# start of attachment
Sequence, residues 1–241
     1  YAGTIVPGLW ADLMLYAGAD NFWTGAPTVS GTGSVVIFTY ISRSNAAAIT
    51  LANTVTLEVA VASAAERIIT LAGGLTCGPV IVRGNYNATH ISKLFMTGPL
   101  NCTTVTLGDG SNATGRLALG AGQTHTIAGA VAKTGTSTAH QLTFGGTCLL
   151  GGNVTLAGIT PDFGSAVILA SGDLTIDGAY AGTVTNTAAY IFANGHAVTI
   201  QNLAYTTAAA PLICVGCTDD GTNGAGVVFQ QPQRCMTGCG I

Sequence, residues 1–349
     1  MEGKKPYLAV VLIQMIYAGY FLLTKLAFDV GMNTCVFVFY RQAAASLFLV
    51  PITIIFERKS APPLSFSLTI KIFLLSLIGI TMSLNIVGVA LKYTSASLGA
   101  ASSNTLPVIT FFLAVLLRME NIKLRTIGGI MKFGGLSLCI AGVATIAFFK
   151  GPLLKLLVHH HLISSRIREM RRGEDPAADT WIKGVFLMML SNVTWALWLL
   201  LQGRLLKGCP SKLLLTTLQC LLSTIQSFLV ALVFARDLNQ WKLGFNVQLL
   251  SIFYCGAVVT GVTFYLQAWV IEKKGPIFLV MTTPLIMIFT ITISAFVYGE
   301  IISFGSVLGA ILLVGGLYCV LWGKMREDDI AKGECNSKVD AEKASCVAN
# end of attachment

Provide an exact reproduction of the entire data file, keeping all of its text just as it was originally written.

Sequence, residues 1–241
     1  YAGTIVPGLW ADLMLYAGAD NFWTGAPTVS GTGSVVIFTY ISRSNAAAIT
    51  LANTVTLEVA VASAAERIIT LAGGLTCGPV IVRGNYNATH ISKLFMTGPL
   101  NCTTVTLGDG SNATGRLALG AGQTHTIAGA VAKTGTSTAH QLTFGGTCLL
   151  GGNVTLAGIT PDFGSAVILA SGDLTIDGAY AGTVTNTAAY IFANGHAVTI
   201  QNLAYTTAAA PLICVGCTDD GTNGAGVVFQ QPQRCMTGCG I

Sequence, residues 1–349
     1  MEGKKPYLAV VLIQMIYAGY FLLTKLAFDV GMNTCVFVFY RQAAASLFLV
    51  PITIIFERKS APPLSFSLTI KIFLLSLIGI TMSLNIVGVA LKYTSASLGA
   101  ASSNTLPVIT FFLAVLLRME NIKLRTIGGI MKFGGLSLCI AGVATIAFFK
   151  GPLLKLLVHH HLISSRIREM RRGEDPAADT WIKGVFLMML SNVTWALWLL
   201  LQGRLLKGCP SKLLLTTLQC LLSTIQSFLV ALVFARDLNQ WKLGFNVQLL
   251  SIFYCGAVVT GVTFYLQAWV IEKKGPIFLV MTTPLIMIFT ITISAFVYGE
   301  IISFGSVLGA ILLVGGLYCV LWGKMREDDI AKGECNSKVD AEKASCVAN